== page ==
Donna Huanca: RUA MINX “POP UP SHOP”

Philomena Gabriel Contemporary, Houston

Lynne McCabe

Quechua Couture performing at Philomena Gabriel Contemporary, Houston on April 7, 2011.

Donna Huanca and Roy Minten, Unearthing (Salinas), 2011; lambda archival photo print; 16 x 24 inches; edition of 10; courtesy the artist and Philomena Gabriel Contemporary, Houston

The cultural landscape of Houston has changed since I left the city for San Francisco in 2008. We now have hipsters, “critical mass” that is actually a mass, a lesbian mayor and commercial galleries showing experimental sound performances by young women artists of color. The women in question, Donna Huanca and Maria Chavez, both from Houston, performed as the collaborative Quechua Couture at the opening reception for Huanca's exhibition RUA MINX “POP UP SHOP” at Philomena Gabriel Contemporary Gallery on April 7.

As visitors entered the gallery they were greeted immediately by Quechua Couture sitting behind a desk topped with a turntable and computer, and speakers and amplifiers on the floor below. Huanca and Chavez presented a brilliant show of avant-garde turntablism and amplified utterances. Over the course of 15 minutes the two artists built a multilayered aural landscape using what Huanca describes as sound sources that have a “Peruvian-Bolivian genetic memory” in combination with seemingly random spoken words. The soundscape challenged any preconceptions about the artists’ shared Inca heritage, denying its reduction to an easily digestible or “ethnic” sound.

Throughout the single-room gallery Huanca created a complex installation-environment. Silk and cotton wearable sculptures hang from stark bark-striped branches suspended from the ceiling. On the walls she interspersed a series of lush and arresting 16-x-24-inch unframed photographs with intimate framed collages. Shelves and pedestals, in various heights and volumes, alter the topography of the space. The forms hug the perimeter of the room, each cradling Huanca's improbable yet intensely desirable shoe-sculptures and decorative body adornments including leather and silk neckpieces and two shiny rings made from fool’s gold (pyrite). One shoe-sculpture, La Mosala (2009), foregrounds Huanca’s “mash up” aesthetic by combining natural or folk-art elements—stacked blocks of wood and bright woven fabrics—with industrial foam and a heel of wire mesh.

Donna Huanca, La Mosala, 2009; leather, wood, synthehics; courtesy the artist and Philomena Gabriel Contemporary, Houston

The work installed on the back wall of the gallery is striking for its comparative restraint. A series of sculptures: a white fur pelt daubed sparsely with neon-green paint, a diamond-shaped form of tightly knotted scratchy looking wool, leather laces bound together balancing precariously on a bare white branch and flesh-colored suede shorts dipped in white paint, all immediately evoke flesh and intimate parts of the human form.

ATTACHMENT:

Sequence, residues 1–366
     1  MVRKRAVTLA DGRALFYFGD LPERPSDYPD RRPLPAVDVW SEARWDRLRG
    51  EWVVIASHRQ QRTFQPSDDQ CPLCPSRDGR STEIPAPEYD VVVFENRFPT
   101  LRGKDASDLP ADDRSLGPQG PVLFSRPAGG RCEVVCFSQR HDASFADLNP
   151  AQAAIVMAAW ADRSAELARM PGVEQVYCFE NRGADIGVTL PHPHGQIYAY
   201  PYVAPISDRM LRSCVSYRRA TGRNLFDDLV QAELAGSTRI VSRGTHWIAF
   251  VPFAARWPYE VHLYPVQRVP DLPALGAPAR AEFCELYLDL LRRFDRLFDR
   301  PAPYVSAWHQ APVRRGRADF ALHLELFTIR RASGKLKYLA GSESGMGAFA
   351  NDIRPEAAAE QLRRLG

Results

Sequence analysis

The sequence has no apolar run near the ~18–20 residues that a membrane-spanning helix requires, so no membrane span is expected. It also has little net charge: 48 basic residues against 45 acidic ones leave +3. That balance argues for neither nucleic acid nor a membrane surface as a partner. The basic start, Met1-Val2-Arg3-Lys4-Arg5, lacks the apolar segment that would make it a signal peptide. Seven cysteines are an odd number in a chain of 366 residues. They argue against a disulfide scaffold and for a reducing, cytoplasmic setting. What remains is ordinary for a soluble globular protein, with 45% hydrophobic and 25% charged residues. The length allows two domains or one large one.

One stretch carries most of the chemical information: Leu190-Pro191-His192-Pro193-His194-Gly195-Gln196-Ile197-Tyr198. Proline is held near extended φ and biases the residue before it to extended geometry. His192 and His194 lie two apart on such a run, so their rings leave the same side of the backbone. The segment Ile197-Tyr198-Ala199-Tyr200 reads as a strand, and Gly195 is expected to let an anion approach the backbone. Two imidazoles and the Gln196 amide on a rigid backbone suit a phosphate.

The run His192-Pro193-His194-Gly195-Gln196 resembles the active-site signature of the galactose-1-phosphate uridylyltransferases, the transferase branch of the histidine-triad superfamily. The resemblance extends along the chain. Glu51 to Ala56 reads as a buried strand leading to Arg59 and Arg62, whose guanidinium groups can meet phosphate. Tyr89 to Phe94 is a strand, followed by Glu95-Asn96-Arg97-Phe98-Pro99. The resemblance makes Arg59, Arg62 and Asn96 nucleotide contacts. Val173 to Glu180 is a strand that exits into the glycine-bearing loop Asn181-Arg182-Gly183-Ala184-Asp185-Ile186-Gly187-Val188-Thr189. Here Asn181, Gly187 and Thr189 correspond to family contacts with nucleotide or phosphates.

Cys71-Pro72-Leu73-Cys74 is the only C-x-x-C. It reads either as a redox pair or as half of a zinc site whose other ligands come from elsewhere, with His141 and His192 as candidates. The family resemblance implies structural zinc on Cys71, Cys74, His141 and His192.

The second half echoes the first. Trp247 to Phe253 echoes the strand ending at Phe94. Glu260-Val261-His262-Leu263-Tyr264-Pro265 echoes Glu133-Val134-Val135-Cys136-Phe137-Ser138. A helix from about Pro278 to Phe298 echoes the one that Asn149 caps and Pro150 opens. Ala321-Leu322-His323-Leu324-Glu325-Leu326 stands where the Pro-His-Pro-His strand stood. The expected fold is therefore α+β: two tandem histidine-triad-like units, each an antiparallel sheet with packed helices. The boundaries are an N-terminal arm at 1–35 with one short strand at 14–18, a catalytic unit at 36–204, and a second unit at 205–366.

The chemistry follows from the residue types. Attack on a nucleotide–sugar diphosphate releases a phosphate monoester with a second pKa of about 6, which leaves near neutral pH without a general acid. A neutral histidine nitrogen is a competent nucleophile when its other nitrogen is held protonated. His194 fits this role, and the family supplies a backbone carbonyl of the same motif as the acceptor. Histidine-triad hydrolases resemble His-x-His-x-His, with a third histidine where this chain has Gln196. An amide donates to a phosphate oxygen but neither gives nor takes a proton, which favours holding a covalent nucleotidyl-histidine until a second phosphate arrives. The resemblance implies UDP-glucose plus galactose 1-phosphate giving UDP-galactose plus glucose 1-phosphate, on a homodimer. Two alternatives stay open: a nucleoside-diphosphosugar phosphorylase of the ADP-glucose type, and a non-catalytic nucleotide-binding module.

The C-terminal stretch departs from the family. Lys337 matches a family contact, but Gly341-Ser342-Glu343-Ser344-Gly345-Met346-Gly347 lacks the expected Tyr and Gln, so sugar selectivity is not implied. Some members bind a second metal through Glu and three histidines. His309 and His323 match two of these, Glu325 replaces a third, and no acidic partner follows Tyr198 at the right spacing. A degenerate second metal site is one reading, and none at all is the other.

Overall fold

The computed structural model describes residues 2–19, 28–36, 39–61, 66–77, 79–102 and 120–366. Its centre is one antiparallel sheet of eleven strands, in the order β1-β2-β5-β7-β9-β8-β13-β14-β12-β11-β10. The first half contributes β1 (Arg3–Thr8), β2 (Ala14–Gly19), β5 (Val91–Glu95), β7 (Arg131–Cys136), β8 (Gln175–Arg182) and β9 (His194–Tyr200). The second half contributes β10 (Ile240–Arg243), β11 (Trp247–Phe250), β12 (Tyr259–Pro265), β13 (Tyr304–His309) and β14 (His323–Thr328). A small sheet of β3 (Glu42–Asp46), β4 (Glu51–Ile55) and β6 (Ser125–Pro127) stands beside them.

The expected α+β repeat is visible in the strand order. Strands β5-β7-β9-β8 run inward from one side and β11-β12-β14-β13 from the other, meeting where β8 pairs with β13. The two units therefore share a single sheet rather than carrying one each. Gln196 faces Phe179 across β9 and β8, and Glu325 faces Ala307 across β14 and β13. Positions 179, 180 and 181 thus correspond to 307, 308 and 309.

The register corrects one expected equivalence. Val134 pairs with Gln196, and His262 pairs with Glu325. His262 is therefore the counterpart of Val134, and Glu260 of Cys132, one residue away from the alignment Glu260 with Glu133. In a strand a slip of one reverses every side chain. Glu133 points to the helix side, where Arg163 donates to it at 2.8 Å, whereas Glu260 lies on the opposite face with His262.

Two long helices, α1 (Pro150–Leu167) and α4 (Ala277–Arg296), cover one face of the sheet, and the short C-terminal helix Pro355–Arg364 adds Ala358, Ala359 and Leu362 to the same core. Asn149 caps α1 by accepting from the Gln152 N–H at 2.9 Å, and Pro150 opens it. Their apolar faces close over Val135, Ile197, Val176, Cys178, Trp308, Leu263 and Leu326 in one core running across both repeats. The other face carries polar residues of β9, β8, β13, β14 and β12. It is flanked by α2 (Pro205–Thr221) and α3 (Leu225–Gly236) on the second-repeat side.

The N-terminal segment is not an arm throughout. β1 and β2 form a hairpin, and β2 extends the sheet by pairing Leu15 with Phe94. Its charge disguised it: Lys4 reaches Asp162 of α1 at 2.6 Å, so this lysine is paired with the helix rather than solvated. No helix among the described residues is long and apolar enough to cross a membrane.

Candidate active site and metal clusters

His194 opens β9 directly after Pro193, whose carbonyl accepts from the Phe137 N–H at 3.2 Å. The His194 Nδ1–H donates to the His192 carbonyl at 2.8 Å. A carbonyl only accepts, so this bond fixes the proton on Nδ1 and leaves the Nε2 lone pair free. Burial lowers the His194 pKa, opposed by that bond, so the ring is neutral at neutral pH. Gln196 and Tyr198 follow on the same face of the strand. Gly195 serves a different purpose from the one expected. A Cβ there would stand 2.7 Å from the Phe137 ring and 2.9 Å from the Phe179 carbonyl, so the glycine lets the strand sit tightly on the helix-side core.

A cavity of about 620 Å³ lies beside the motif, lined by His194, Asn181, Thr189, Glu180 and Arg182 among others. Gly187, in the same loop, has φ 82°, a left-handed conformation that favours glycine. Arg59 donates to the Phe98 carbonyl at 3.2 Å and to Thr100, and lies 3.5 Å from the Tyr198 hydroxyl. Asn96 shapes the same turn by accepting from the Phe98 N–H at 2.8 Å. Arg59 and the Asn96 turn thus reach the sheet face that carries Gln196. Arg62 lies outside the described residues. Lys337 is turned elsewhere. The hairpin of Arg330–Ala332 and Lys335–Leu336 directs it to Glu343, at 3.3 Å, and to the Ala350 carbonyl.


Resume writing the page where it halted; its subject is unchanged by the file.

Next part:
In her work Huanca frequently draws upon autobiographical narratives, such as her youth in Chicago and her father’s insistence that there was “no need” for her to speak English, as her family would soon be returning to Bolivia. However, her family never returned; they merely visited as “tourists.” Huanca explores this idea of return in her recent photo series Unearthing, a nomadic performance made in collaboration with photographer Roy Minten in Peru from February through March 2011. Minten photographed Huanca attempting to reinsert herself—and by extension her family—back into her ancestral landscape. One particularly striking image, Unearthing (Salinas) (2011) shows Huanca sheathed in gold lamé, an indeterminable form dazzling in the sun in the tiered farmland of Peru. The perceptibly hot sun and the contorted position of Huanca’s body make palpable the psychical, if not emotionally challenging nature of this work.

Whether sheathing herself to obscure her own body or adorning naked models with decoration as totems—like Ekeko, the Andean god of abundance—Huanca’s objects, at once garments, sculptures and shelters, slide between cultural contexts to evoke multiple meanings and uses. This multiplicity, also evident in her performance with Chavez, functions like a mirror, reflecting back viewers’ own history and expectations while reminding one how the objects may evoke other references for someone else.

My first impression of RUA MINX “POP UP SHOP” was that, despite obvious nods to commodity-fetishism, it was not the kind of work I would have normally expected to find in a Houston commercial gallery. Its punk sensibility seems more suited to an artist-run or alternative space, but maybe this is all part of the Houston I have been encountering since my return: bold, hip and exuberant.

Lynne McCabe is an artist and writer originally from Glasgow, Scotland. She lives and works in Houston.

This exhibition was on view April 7–16, 2011.

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